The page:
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Caroline PEART


Born: 4 September 1870, Columbia, Pennsylvania USA

Died: 12 October 1963, Lancaster, Pennsylvania USA

Caroline Peart, daughter of John Peart and Martha Herr, was born in 1870 in Columbia, Lancaster County, Pennsylvania. When she was seven, the family moved to Philadelphia where her father became a prosperous lumber dealer.

Caroline began her formal art training at The Pennsylvania Academy of the Fine Arts, Philadelphia, in 1887. It was a pivotal time for the American art scene. Women were only beginning to be considered for such an education. Among Caroline’s instructors were Cecilia Beaux and Thomas Hovenden, both highly respected artists of the time. Fellow students included Robert Henri and William Glackens. While attending the Fellowship Ball at the Academy, she rubbed elbows with the likes of Maxfield Parrish, Alexander Calder, William H. Lippincott, and Violet Oakley. In 1889, she won the coveted Mary Smith Prize which the Pennsylvania Academy of the Fine Arts awarded annually to the best work by a female artist.


Caroline frequently traveled Europe to paint—she even studied at James McNeill Whistler’s Academie Carmen in Paris. In 1900, she attended JMW's Académie Carmen in Paris. However, she was not accepted to continue there because of her previous training. Inez Addams wrote to her: 'Mr. Whistler, on being reminded of your work, desires me to say – that it cannot be accepted as the ingenuous work of a novice –but is recognized as the outcome of a deliberate training, with which no interference could be possibly entertained.’ In 1901 both Peart and JMW were asked to exhibit at the Pan-American Exposition in Buffalo. Peart also exhibited at the Corcoran Art Gallery in Washington, D.C. She was among a select group to exhibit at the Pan-American Exhibition in Buffalo, in 1901. Three years later, her work was included in the prestigious Carnegie International exhibit, in Pittsburgh.

Caroline achieved flashes of greatness as a painter but she never became a full-fledged, dedicated artist. This could be in part due to the fact that Caroline focused on traditional portraiture and, as modernism took hold in America, public interest in portraits waned. She failed to establish a career because she didn’t possess the required mix of drive, status, and support needed to find success. Her ongoing struggles in her personal life resulted in her decision to abandon painting. The pressure of these setbacks resulted in Caroline relying on mediums, the occult, and spiritualism to survive day-to-day. These obsessions, combined with the overwhelming responsibility of caring for her aging mother, consumed, and largely destroyed, her. Her home life was important to her, however, Caroline never articulated a single true emotion when writing about her parents or family. Her extended family included many artists, including N. C. Wyeth, but she didn’t forge strong bonds with her Wyeth cousins despite their mutual interests in art.

Caroline’s father, John Peart, served with the 195th Regiment during the Civil War and was the last person to cross the Columbia-Wrightsville bridge before it was burned to stop the Confederates’ advance. After the war, the Pearts settled in Washington Boro before moving to Philadelphia after great success in the lumber business. She adored her father but after his death in 1906, Caroline lost her passion for painting.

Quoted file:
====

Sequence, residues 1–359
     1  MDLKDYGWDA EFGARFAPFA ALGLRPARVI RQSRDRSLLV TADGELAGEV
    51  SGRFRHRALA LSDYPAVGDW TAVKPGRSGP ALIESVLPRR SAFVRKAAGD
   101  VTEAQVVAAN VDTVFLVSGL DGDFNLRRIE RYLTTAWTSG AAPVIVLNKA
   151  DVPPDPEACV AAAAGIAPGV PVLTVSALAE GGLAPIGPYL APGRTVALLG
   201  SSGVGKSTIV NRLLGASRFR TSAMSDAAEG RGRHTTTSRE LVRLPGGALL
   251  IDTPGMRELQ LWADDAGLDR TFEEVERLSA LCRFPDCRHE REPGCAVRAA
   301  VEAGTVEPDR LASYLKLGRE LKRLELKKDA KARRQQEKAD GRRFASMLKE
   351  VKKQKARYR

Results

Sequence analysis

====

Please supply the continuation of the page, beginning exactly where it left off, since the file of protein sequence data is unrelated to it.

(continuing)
Her mother, Martha Ann, was a direct descendant of Lancaster’s Bishop Hans Herr and also had family connections with Andrew and NC Wyeth. After her mother’s death in 1941, Caroline moved permanently to Washington Boro. There, she lived in absolute poverty, despite her wealthy early years and her parent’s social connections. Her home was without electricity, heat, or running water. She had few friends and lived alone. Upon her death, the community was shocked to discover that she left her estate to Franklin & Marshall College, an institution with which she had no ties save that it, like Washington Boro, was in Lancaster County, Pennsylvania. The estate was valued at over $565,000 in 1963. In return, she stipulated that the college care for the Herr Burying Ground where Caroline remains at rest, near her family, at Third and Herr Streets, Washington Boro.

Caroline truly loved Washington Boro; in her diary, she wrote: “…the most beautiful town site in this country.” She was particularly fond of the river: “We had a pleasant drive to Lancaster and back by the river—ever and ever-lovely Susquehanna;” “The River! Majestic as ever!;” and “The River in all its glory!”

One of Carolina Perart's many paint sketches during her travels abroad.

Portraits Caroline painted of her mother, Martha Ann (Herr), and her father, John.


“Moments of Light and Years of Agony,” graduate dissertation by Katharine John Snider.

“Caroline Peart Papers” introduction, Franklin & Marshall College Special Collections.

“Correspondence of James McNeill Whistler,” From a letter from Whistler’s secretary, 1900.

“Caroline Peart,” Blue Rock Heritage Center.

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